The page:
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EYE DONORS: Giving Sight To The Sightless

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Many of us have checked the box when we get our drivers licenses, agreeing to donate our eyes when we die. But really happens with those donations? 

For more than 40-years, Dennis Crabtree of Altoona has volunteered to deliver corneas from recently deceased donors to the Iowa Lions Eye Bank in Iowa City.  But he never realized the full impact of his work -- until it helped his wife regain her sight.

"When we heard it was amazing," Dennis Crabtree says, "She was having eye problems and I drove the eyes to Grinnell and relayed here and she got called in for a special surgery and...maybe I carried the very eyes that were used in the transplant."

"It's amazing and I wouldn't probably be able to see today out of my left eye if I hadn't of had it done," Linda Crabtree adds.

Volunteers like Crabtree are a very important component in a whirlwind process to give sight to the sightless.  It all starts when a donor dies.  "We have staff statewide that will go out and provide that procurement any time, day or night, holidays, and then get that tissue back here to our office as quick as possible" says Adam Stockman, the operations director at the eye bank.

The tissue is brought to the eye bank, usually by a volunteer like Crabtree.   The clock is ticking though.  The corneas only have a shelf-life of about two weeks.. so everyone here has to work fast.  Once they're delivered, they're looked at under a microscope to make sure they can be used.  Meanwhile, workers comb through the donors medical records, looking for any diseases or medications that could affect the recipient.

"You want to make sure that you don't get something that could hurt a recipient.  That's our main goal is that you don't ever want to offer up a tissue that could hurt a recipient." says Sheri McCormick withe the Iowa Lions Eye Bank,  "Usually it's 48 hours to get everything processed, reviewed, cornea tissue looked at, medical chart and testing back so if we can get that in 48-hours that's excellent."

Meanwhile, the distribution department is working the phones -- searching the state, the country and in some cases the globe for a suitable recipient.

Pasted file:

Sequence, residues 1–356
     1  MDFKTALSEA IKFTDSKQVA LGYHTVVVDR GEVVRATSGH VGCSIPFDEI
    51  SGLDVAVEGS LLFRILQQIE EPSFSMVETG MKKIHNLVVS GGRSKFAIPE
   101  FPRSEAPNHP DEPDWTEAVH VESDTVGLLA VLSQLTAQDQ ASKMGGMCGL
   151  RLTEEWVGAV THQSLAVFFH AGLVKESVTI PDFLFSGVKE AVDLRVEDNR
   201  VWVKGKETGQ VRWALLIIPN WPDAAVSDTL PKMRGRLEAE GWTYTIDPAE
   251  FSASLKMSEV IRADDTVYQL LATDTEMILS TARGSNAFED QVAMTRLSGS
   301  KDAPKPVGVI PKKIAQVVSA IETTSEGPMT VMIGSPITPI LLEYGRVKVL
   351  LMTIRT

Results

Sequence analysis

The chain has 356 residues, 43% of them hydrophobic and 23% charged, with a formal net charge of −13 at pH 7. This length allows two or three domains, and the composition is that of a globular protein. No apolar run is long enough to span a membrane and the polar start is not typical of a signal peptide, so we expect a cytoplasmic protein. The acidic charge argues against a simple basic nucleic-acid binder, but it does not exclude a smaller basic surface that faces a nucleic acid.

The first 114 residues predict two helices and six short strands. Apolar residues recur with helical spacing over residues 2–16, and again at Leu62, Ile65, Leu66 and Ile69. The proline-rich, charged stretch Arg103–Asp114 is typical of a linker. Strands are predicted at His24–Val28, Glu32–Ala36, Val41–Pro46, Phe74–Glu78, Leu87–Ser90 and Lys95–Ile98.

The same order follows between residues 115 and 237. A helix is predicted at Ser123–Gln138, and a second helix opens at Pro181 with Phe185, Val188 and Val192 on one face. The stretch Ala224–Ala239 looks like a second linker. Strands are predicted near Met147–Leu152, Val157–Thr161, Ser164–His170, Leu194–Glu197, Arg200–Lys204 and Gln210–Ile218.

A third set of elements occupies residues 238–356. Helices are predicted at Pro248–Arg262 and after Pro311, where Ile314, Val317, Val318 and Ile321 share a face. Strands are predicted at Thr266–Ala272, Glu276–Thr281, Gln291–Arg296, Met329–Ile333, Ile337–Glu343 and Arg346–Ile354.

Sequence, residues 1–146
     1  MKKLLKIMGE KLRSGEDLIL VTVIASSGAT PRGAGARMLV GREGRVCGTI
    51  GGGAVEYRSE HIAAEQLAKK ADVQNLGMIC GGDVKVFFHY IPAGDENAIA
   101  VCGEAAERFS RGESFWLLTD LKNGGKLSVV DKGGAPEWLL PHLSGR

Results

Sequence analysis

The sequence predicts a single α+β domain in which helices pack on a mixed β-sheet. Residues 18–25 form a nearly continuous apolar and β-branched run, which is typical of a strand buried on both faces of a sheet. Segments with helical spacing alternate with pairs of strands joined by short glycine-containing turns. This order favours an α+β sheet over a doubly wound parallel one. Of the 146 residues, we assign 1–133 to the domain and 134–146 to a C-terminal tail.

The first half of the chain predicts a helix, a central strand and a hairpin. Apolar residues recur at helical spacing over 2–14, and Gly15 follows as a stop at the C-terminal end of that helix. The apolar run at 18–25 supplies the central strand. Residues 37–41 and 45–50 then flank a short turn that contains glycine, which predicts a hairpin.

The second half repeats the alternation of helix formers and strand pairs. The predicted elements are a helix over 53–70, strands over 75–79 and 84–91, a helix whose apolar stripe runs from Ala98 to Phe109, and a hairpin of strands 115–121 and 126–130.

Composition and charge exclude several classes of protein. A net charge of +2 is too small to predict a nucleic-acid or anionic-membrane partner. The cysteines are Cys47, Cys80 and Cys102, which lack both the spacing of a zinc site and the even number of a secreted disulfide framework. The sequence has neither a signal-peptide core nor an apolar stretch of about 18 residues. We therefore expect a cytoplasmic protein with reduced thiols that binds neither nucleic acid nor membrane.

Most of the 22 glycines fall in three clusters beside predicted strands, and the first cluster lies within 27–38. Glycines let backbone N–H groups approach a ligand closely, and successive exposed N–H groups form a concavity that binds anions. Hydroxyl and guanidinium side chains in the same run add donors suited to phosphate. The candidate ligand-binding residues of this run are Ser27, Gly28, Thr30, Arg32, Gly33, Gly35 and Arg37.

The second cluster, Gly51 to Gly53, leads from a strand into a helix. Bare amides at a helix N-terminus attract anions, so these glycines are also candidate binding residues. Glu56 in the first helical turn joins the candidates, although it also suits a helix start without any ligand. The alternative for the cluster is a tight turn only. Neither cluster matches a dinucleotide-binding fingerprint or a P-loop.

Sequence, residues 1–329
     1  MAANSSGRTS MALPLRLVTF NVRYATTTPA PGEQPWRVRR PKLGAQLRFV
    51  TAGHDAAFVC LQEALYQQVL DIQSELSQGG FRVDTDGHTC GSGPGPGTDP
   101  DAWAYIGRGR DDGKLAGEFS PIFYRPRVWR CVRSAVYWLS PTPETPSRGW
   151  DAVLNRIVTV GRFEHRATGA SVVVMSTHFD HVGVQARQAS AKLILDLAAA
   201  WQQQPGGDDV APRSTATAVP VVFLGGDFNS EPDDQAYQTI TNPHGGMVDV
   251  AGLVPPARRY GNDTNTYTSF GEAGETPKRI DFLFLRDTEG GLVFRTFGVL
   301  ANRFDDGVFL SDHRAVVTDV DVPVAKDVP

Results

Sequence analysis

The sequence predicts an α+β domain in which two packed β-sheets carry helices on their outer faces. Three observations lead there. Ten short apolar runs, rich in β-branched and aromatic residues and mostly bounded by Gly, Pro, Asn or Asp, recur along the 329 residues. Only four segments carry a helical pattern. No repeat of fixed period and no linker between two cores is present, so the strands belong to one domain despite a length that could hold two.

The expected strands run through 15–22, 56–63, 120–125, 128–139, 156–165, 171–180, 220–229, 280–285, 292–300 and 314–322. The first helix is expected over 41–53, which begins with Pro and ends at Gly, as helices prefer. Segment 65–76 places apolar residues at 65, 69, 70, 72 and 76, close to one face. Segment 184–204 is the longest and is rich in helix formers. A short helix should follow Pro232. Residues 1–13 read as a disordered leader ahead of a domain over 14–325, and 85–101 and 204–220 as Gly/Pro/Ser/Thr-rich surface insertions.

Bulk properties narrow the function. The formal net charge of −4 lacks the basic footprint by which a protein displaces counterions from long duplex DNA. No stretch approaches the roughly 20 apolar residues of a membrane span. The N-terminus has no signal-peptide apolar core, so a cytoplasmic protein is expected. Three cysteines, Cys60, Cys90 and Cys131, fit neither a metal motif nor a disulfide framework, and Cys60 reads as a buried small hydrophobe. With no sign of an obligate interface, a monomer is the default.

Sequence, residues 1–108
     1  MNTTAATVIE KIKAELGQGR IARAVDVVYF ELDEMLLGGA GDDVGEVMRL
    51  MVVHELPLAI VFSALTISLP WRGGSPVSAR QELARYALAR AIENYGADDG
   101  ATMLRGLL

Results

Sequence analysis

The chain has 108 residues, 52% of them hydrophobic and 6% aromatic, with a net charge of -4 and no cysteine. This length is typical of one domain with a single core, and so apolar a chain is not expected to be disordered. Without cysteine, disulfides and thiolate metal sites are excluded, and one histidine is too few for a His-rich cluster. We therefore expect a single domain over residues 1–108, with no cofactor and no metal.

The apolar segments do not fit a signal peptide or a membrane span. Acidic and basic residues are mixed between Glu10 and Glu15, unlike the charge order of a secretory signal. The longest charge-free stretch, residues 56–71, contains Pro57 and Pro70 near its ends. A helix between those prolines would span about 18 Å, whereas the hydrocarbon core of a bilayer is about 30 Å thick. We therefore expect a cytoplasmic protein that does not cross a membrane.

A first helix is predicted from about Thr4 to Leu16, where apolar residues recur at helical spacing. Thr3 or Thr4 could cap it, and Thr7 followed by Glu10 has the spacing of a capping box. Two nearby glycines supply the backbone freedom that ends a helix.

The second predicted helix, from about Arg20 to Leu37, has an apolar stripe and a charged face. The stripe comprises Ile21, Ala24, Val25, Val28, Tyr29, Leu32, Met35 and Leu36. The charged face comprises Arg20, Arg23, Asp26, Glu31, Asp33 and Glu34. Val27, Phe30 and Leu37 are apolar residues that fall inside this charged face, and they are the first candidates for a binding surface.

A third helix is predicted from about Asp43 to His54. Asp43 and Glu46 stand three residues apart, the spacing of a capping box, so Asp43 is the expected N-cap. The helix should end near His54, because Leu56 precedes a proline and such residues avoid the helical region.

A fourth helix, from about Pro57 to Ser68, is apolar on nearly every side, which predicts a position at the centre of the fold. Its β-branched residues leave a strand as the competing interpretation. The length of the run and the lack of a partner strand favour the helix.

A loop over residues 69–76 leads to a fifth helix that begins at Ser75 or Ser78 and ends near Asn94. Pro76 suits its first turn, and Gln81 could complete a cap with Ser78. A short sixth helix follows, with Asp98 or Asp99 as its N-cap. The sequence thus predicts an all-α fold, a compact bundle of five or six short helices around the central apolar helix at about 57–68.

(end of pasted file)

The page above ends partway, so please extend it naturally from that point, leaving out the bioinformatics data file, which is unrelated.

"I have nine surgeries to fill on a Tuesday.  Here we are on a Saturday or a Sunday and we only have two donors.  And we need to turn around those two donors. And we need to start looking for some more." says Distribution Manager Todd Shintulas.

"What if surgery is delayed?  We have a back up plan in place to make sure that that cornea doesn't go to waste," Stockman says, "That that special gift doesn't get discarded."

Once a recipient is identified, the corneas are prepared for surgery.  Using the same kind of laser used for lasic surgery, the cornea is sliced reducing it from the width of a dime -- to the width of a piece of Saran wrap.

"We're the only eye bank in the country and one of the only eye banks in the world that can provide all of the types of processed corneas for use in surgery so any type of surgery that a cornea surgeon in the world wants to do they can get it from us with Iowa donated tissue," Stockman says.

Once it's cut it can be shipped anywhere it's needed -- all in just 48 hours. The folks here are under a lot of pressure to meet that deadline.  Think about it, on the donor's side they're fulfilling a person's dying wish to give someone the gift of sight.  And on the recipient's side, they're fulfilling a lifelong dream of being able to see.  They understand the importance of this gift. Stockman says, "They're gonna do what it takes to make sure that these corneas make it to where they need to get to by the deadline."

If you would like to donate your eyes, you can register on the Iowa Donor Registry: